Santu Mofokeng (1956 -2020)

A Vision from a Mystical Source

The late Santu Mofokeng was one of the few artists who managed to show South Africans the ways in which they can transform their suffering. Moving between the contemporary and photojournalism worlds, Mofokeng left us an image repertoire of moments unexpected, caught askance, Ashraf Jamal writes.

Santu Mofokeng, Rister Mkansi in the family kitchen Dan location, Tzaneen, Limpopo, South Africa Black and white, 35mm film, 2007.

Santu Mofokeng, Rister Mkansi in the family kitchen Dan location, Tzaneen, Limpopo, South Africa Black and white, 35mm film, 2007.

By Ashraf Jamal

The wound is the place where the light enters you. Rumi’s saying is as true as it is platitudinous. And yet, as with all enduring clichés, it refuses to quit our minds and hearts. We suffer. Know we must. If we are able, we will find its source – the place of hurt – and, if we are brave, confront it. In time, if we are blessed, our suffering will be appeased, lightened – enlightened. We may never be wholly healed, but we will find ways to survive our suffering.

In South Africa, a country built on hurt, the transformation of pain has always proved difficult – if not impossible. This because, as J.M. Coetzee reminded us in his ‘Jerusalem Prize Acceptance Speech’ in 1987, ”The deformed and stunted relations between human beings that were created under colonialism and exacerbated under what is loosely called apartheid have their psychic representation in a deformed and stunted inner life.” That ours remains a society that is broken, says everything about the difficulties that continue to afflict us. Where, one wonders, is the light? Is redemption ever possible in this benighted country?

Artists, as they are wont, have striven “to quit a world of pathological attachments … anger and violence, and take up residence in a world where a living play of feelings and ideas is possible, a world where we truly have an occupation.” But, as Coetzee resumes, “In South Africa there is now too much truth for art to hold, truth by the bucketful, truth that overwhelms and swamps every act of the imagination.”

That Coetzee’s view remains true thirty years hence, reaffirms the extent of our bondage to pain, the depth and incurability of our historical wound. And yet, despite his bleak prognosis, there have been artists who have shown us ways in which we can – imaginatively – transform our suffering. Four photographers stand at the forefront of this counterintuitive approach to suffering: Billy Monk, Daniel Morolong, Gideon Mendel, and Santu Mofokeng. All, barring Mendel, are dead, yet their visions persist. Each in their particular way has allowed for love in a loveless time. Billy Monk’s photographs of Cape Town’s interracial underground bars in the 1960s capture an indelible vivacity, a zest for life and its uncensored pleasures. Daniel Morolong’s visions in the 1970s capture the dignity and aplomb of Black bodies at play, wholly given to leisure – a past-time which we falsely presume was denied to Black lived experience by an oppressive system. Gideon Mendel’s visions of life in Yeoville, in Johannesburg, in the 1980s, capture the ordinary sublimity of everyday life. While Santu Mofokeng – the more complex of the four – gives us the spectrum of Black life – its bondage, pleasures, transfigurations. In his world it is the entirety of human experience that is presented to us. What each of these photographers refuse is subjection to the dictates and optics of oppression.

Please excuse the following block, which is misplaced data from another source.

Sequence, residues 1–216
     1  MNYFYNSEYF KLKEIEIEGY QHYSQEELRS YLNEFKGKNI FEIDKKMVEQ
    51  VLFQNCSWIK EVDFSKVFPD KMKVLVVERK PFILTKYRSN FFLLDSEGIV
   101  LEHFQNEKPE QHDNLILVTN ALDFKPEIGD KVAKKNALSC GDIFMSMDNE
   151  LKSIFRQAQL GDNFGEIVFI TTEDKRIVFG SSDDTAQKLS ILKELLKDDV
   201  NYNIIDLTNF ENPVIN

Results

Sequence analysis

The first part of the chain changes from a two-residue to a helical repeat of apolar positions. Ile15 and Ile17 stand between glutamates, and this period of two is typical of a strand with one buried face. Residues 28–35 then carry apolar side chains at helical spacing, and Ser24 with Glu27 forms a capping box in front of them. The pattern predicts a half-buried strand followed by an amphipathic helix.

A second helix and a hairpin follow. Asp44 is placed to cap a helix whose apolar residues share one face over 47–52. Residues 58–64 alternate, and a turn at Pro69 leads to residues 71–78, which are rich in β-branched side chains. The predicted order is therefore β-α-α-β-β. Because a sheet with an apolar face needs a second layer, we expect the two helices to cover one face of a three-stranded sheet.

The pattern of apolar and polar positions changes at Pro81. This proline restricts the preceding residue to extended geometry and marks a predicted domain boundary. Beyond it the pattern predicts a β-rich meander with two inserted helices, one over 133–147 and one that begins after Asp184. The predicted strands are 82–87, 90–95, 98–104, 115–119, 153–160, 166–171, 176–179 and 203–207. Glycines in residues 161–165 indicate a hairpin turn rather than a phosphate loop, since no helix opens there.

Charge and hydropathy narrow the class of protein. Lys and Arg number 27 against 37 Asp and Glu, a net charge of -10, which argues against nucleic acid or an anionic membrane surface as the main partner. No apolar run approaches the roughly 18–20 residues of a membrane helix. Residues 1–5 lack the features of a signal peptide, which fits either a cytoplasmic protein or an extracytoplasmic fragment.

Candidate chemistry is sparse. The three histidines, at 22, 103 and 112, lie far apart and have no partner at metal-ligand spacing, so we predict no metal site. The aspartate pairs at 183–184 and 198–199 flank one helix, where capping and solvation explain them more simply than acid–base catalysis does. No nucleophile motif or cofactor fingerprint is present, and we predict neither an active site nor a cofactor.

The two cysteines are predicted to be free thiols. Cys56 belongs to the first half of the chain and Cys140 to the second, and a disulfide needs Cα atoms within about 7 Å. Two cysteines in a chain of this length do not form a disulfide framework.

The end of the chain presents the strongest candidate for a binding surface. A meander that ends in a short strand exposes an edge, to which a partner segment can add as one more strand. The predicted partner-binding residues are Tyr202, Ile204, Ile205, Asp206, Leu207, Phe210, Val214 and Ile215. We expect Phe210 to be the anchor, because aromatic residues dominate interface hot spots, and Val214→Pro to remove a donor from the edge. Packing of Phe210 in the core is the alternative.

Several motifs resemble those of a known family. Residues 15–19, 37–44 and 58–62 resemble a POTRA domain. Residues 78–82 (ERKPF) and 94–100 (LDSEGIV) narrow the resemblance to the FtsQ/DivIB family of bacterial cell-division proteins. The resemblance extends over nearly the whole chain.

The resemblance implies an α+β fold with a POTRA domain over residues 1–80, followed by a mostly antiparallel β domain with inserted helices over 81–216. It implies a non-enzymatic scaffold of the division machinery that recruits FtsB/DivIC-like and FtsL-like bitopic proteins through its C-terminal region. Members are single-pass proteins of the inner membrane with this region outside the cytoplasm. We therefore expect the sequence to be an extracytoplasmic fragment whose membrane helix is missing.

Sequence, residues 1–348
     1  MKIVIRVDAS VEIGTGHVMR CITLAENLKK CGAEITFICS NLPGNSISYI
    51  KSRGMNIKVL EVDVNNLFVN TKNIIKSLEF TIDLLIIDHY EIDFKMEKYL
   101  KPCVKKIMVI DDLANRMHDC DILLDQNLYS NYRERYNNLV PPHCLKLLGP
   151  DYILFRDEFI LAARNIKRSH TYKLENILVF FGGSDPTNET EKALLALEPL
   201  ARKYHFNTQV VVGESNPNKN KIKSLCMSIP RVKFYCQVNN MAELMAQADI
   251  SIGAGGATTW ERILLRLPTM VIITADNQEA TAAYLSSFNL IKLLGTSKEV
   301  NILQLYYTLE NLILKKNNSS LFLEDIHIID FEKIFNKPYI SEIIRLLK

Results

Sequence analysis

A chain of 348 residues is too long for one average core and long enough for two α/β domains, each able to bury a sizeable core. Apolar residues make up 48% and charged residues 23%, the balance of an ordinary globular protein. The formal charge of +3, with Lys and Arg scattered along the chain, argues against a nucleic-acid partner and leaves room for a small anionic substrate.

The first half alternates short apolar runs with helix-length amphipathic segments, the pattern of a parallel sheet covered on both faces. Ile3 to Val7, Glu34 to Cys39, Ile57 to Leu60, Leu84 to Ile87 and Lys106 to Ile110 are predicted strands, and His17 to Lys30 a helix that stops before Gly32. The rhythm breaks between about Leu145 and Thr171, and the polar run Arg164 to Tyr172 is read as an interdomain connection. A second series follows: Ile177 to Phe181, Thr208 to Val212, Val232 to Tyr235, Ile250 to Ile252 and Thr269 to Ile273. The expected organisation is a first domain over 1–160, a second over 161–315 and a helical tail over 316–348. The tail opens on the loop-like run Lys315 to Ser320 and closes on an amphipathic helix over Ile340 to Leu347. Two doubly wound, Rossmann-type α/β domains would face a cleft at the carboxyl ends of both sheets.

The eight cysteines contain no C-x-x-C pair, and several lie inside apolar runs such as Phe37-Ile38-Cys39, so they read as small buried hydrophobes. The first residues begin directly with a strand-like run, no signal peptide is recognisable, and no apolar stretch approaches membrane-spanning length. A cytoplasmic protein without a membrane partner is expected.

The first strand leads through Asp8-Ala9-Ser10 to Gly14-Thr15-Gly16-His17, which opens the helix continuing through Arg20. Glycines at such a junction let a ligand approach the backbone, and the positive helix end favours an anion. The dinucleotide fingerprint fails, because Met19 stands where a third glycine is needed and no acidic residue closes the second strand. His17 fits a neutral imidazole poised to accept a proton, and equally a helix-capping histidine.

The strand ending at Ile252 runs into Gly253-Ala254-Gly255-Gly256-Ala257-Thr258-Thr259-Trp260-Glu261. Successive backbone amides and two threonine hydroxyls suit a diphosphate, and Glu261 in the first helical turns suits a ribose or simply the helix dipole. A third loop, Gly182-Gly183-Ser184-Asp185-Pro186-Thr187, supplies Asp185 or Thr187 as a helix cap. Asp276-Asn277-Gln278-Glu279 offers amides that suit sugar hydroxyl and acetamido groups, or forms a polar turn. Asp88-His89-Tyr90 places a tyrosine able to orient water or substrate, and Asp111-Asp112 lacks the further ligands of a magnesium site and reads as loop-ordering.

Mistakenly understood as a documentary photographer, Mofokeng, by virtue of his role as a photojournalist, was able to move more or less fluidly between worlds. His image repertoire is the sum of moments unexpected, caught askance, as though the photographer, despite understanding what was expected of him, chose to interpret the world otherwise. Suspicious of the putative objectivity of the camera lens, and the objective authority of a known and seen world, Mofokeng chose to inhabit the lens and fill the world he saw with his peculiar subjectivity. Contra Coetzee, his was not a world in which there was ”too much truth for art to hold,” it was never a place – a wound – that swamped the imagination. Rather, it was the photographer as a living being, and not as a mere “objective eye,” that mattered.

There is a curious medical condition which, metaphorically, illuminates what I think Mofokeng does. Described as “blindsight,” the condition allows a victim of a stroke to “detect emotion on a person’s face” that he can’t physically see. Because the stroke only damaged the visual cortex, the eyes remain functional and able to gather information about their environment. The patient may no longer possess a definite view of his environs, but he or she has an “innate awareness … of evolutionary ancient visual paths.” If I find this diagnosis telling it is because it helps me to understand the uniqueness of Mofokeng’s sighting of the world, the ways in which he was able to record its palpable yet invisible core.